Is red meat really so dangerous? The latest food scare was in the form of news stories that said that eating red meat causes breast cancer. Here’s what the study was really all about.
A study of more than 90,000 nurses, led by a faculty member at Harvard Medical School, was published in a respected medical journal in November, 2006. When the women entered the study in 1989, they were between 25 and 42 years old. The women reported their own food habits to the researchers in 1991, 1993, and 1995. Their health was evaluated from 1991 through 2003.
Of the 1021 women who developed breast cancer while participating in the study, women with a certain type of common breast cancer (estrogen and progesterone receptor positive) were more likely to have eaten, on average, at least 11 servings of red meat every week. In contrast, the study showed that women who ate 5 servings or fewer of red meat every week were only about half as likely to develop breast cancer.
In addition to beef, pork and bacon were both included as red meats. The study results showed that women who ate more pork were more likely to develop breast cancer than women eating beef or bacon. The study did not distinguish whether the women ate organic red meat or not. What is surprising, however, is that the red meat that is most associated with breast cancer in this study — pork– does not have the hormone residues that beef may have. The researchers therefore conclude that the fat content, processing, and other factors may be more important factors affecting breast cancer than whether the beef is organic or not.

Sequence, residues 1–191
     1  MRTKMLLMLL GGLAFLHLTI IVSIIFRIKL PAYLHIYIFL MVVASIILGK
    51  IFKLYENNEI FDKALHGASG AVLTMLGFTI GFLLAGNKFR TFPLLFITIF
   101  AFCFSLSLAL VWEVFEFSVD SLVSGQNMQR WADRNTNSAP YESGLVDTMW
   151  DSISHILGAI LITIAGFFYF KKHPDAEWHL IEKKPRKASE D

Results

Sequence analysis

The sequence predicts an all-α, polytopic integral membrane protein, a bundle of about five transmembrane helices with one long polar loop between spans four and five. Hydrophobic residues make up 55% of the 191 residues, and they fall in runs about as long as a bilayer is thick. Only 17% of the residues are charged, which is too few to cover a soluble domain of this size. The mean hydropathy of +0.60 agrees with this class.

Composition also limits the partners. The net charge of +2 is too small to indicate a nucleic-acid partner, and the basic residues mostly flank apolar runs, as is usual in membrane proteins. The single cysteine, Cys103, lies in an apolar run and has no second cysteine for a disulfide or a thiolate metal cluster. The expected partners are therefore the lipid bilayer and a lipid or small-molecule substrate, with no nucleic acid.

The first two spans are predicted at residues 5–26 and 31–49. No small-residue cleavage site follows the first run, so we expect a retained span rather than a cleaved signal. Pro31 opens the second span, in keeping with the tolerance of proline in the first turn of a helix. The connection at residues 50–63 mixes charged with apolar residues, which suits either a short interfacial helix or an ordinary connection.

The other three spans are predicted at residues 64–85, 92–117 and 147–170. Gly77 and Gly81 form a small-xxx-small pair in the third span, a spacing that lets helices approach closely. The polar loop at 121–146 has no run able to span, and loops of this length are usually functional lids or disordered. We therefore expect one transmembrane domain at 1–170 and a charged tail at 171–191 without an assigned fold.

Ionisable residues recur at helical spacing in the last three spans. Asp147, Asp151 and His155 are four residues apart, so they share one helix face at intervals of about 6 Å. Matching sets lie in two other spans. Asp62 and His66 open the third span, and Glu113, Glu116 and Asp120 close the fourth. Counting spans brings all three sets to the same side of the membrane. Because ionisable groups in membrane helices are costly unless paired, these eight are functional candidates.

For most people, the most reassuring aspect of the study results is that even the women with the lowest risk of breast cancer were eating up to 5 portions of red meat every week. This suggests that even if eating red meat does contribute to breast cancer risk, it is probably safe to eat red meat on a regular basis – just not everyday. On the other hand, it is important keep in mind that a portion of any food is generally considered about the size of a fist. Larger portions, such as a large steak, probably would count as two portions – or more!
Perhaps most important to remember: this is just one study. More research is needed to determine if pork or any kind of red meat really does increase the risk of breast cancer, and if so, whether the risk is caused by meat itself, only certain kinds of meat, or the way the meat is processed or cooked.
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